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Strongly damaged by lithodoms in the upper part, the pedestal was discovered in the XIX century in the waters of the Ripa Puteolana and bears an inscription dedicated to the emperor Hadrian from the residents of a vicus called Lartidianus. The said vicus had to be connected with the proprieties of the Lartidia gens in Puteoli, almost completely absent in the epigraphic documentation of the region of Campania, but known for the senator of the Augustan age, Sextus Lartidius from Pistoriae (Pistoia) or Tibur (Tivoli).

The text is full of details and allows for a better understanding of the topographical organisation of Puteoli. Moreover, it allows for locating the precise point of an important suburban neighbourhood in the extensive waterfront of Puteoli.


[Imp(eratori) Caesari]

[divi Traiani]

[Parthici filio]

[divi Nervae]

nepot(i) Traiano

Hadriano Aug(usto)

pontif(ici) maximo

trib(unicia) pot(estate) V̅ co(n)s(uli) I̅I̅I̅

inquilini vici


The position of vicus Lartidianus and other suburban vici along the quays of Ripa Puteoleana in the reconstruction by G. Camodeca.

The marble artefact presents conspicuous phenomena of bioerosion located mainly in the upper part, where the boring organisms created cavities and tunnels, causing a serious loss of sculptural plasticity.  The deterioration spots indicate that the artefact lied covered with sand for about the half of its height; the different density of perforations is a sign that the artefact was periodically and heavily covered by sand.

The most pervasive form of degradation is the one due to endolithic sponges (family Clionaidae), whose cavities are present on more than 80% of the surface of the artefact.  SEM observations returned traces and skeleton elements (tilostile spicules) attributable to a boring species named Cliona Celata Grant (an underwater photo of an alive specimen is provided below).  Boring bivalve molluscs played also an important role in the degradation, as there are perforations made by the species Lithophaga lithophaga (Linnaeus) and Rocellaria dubia (Pennant).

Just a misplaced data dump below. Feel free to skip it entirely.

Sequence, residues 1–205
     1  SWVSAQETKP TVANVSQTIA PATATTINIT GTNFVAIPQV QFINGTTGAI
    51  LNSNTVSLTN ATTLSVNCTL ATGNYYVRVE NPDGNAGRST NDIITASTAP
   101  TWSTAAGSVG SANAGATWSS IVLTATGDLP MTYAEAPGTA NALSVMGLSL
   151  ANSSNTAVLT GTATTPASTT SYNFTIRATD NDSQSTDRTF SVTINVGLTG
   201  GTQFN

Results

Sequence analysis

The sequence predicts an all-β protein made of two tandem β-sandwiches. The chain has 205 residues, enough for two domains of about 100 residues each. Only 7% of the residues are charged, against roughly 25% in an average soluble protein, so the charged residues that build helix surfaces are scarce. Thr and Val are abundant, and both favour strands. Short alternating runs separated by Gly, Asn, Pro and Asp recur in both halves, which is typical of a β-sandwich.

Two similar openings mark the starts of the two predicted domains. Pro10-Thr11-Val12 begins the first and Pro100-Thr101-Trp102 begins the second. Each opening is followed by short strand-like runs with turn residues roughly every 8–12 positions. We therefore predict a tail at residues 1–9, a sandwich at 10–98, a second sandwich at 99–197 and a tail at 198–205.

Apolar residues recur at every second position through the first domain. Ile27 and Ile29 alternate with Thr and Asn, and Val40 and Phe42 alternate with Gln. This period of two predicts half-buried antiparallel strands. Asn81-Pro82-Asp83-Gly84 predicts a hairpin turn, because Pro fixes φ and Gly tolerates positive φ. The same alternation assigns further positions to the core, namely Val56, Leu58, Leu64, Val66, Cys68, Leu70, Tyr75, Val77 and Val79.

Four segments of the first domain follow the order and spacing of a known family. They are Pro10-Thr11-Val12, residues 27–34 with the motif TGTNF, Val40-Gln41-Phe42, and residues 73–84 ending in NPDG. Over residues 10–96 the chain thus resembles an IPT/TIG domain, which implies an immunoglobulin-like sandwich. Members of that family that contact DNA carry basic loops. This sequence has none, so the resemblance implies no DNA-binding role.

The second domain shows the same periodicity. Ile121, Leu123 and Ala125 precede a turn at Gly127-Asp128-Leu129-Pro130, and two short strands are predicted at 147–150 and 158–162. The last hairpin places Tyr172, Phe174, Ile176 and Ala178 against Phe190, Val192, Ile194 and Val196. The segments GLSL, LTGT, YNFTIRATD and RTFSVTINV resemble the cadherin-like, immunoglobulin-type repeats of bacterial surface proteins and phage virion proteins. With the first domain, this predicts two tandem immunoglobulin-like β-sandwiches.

AE 1977, 0200

EDR076736 (G. Camodeca)

EphEp, 08, 360

Camodeca, G., 1977. L’ordinamento in regiones e i vici di Puteoli. Puteoli, 1, 1977, pp. 75 sgg.

Davidde B., Ricci S., Poggi D., Bartolini M., 2010. Marine bioerosion of stone artefacts preserved in the Museo Archeologico dei Campi Flegrei in the Castle of Baia (Naples), Archaeologia Maritima Mediterranea; 7: 75-115.

Ricci S., Sacco Perasso C., Antonelli, F., Davidde Petriaggi B., 2015. Marine Bivalves colonizing roman artefacts recovered in the Gulf of Pozzuoli and in the Blue Grotto in Capri (Naples, Italy): boring and nestling species. International Biodeterioration & Biodegradation (98) 89 – 100.

Ricci, S., Pietrini, A. M., Bartolini, M., Sacco Perasso, C., 2013. Role of the microboring marine organisms in the deterioration of archaeological submerged lapideous artifacts (Baia, Naples, Italy). International Biodeterioration & Biodegradation 82 (2013) 199-206.

Ricci S., Davidde B., Bartolini M., Priori G. F., 2009. Bioerosion of lapideous objects found in the underwater archaeological site of Baia (Naples). Archaeologia Maritima Mediterranea, 6: 167-188.

MUSAS Ref. No.BAI-034Inv. No.320473DimensionsHeight: 150 cmMaterialsMarbleLocationArchaeological Museum of Campi FlegreiOriginRipa Puteolana, in front of the Armstrong shipyards (1890)Dating121 A.D.Share